How To: make Teflon intake gaskets
This week I was working on the 1916 Excelsior motor. The old copper gaskets that seal the intake manifold to the cylinder heads were worn and battered. The intake manifold vacuum leaks will make a motor run lean, and give poor idling as the motor struggles with the air/fuel mix.
On the top of this photo are the old copper gaskets, complete with yellow Teflon tape that was used to pack around the intake collets. Below are some new white gaskets.
The first step was to spend $23 for a 1.5” by one foot bar of PTFE Teflon from McMaster Carr. Part number 8803K18. This material is great for many reasons: it withstand the temperatures, resists fuel, is easy to work with, and is soft enough to work as a gasket.
This material is the easiest thing to cut that I have ever machined. I bored that 1.25” hole in two passes with a 3/4” end mill in a boring tool holder. A quick pass or two for the OD dimension, then part them off to length. In five minutes of work, I had about a dozen parts ready to use. PTFE does require a bit of deburring, but it is very simple to do.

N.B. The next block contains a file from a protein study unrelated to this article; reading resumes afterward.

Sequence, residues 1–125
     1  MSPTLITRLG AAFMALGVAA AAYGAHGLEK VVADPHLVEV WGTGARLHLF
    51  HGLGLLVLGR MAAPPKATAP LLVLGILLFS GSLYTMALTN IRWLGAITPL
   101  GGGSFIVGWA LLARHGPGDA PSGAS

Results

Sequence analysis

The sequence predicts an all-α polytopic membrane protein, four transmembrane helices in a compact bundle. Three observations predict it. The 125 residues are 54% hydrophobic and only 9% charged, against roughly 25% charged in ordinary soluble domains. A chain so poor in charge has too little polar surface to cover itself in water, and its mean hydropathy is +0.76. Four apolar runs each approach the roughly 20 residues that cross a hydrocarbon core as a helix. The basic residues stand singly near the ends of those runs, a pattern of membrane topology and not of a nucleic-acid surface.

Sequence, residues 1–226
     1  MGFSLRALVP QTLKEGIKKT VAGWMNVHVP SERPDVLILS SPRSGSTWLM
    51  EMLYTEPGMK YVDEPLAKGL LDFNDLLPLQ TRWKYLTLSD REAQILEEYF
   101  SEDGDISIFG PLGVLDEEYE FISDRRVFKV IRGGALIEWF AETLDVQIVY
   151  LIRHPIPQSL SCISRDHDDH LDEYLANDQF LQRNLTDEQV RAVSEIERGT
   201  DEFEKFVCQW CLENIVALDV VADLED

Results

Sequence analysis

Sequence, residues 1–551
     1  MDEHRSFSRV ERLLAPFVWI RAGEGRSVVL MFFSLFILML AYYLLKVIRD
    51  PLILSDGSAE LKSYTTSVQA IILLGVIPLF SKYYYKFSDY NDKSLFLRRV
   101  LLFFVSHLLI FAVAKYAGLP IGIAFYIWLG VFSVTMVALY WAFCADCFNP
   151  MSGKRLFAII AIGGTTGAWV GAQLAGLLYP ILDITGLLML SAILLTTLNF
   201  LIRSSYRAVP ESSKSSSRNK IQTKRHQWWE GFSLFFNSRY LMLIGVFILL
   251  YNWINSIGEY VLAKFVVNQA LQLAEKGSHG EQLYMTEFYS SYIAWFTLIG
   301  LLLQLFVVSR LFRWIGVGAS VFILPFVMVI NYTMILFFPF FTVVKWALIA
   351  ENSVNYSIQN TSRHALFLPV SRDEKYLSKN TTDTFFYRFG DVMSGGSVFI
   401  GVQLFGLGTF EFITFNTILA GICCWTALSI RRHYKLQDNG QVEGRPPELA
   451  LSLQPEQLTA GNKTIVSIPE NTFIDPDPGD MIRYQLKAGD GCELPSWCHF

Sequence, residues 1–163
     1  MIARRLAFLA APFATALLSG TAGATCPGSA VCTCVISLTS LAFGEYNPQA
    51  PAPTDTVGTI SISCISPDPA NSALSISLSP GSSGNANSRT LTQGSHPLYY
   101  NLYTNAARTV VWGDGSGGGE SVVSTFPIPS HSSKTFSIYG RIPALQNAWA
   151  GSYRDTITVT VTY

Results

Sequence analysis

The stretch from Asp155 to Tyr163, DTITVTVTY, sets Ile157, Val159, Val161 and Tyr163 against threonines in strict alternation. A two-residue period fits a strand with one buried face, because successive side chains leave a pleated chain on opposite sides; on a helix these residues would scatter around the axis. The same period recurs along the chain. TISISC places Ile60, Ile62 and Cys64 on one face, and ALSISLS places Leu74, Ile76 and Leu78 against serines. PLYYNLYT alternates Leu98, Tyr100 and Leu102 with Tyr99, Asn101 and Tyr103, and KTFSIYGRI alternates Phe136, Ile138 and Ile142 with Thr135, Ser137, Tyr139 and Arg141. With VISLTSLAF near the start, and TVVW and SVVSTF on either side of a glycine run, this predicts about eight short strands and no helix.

The intake manifold mounts directly to the Schebler carb. To mount the intake onto the motor, a nut screws onto the cylinder head. The nut has an internal taper which compresses a split collet. The collet face pushes against the Teflon washer, crushing it against the cylinder head. The gasket keeps the vacuum sealed at the head joint. The fact that the collet closes down diametrically against the manifold keeps the vacuum from escaping.
On the left, the nut has been removed to show the split collet. The taper on the collet is squeezed by a taper in the nut, tightening it evenly onto the intake manifold, while the nut threads pull everything toward the head.
Almost ready for a ride. Don’t worry about that pushrod on the right, I’ll get to that later when I put the intake valve and rocker back into place. 🙂
Now it is time to work on the next thing. When prepping two bikes to run across the USA, there’s always a next thing…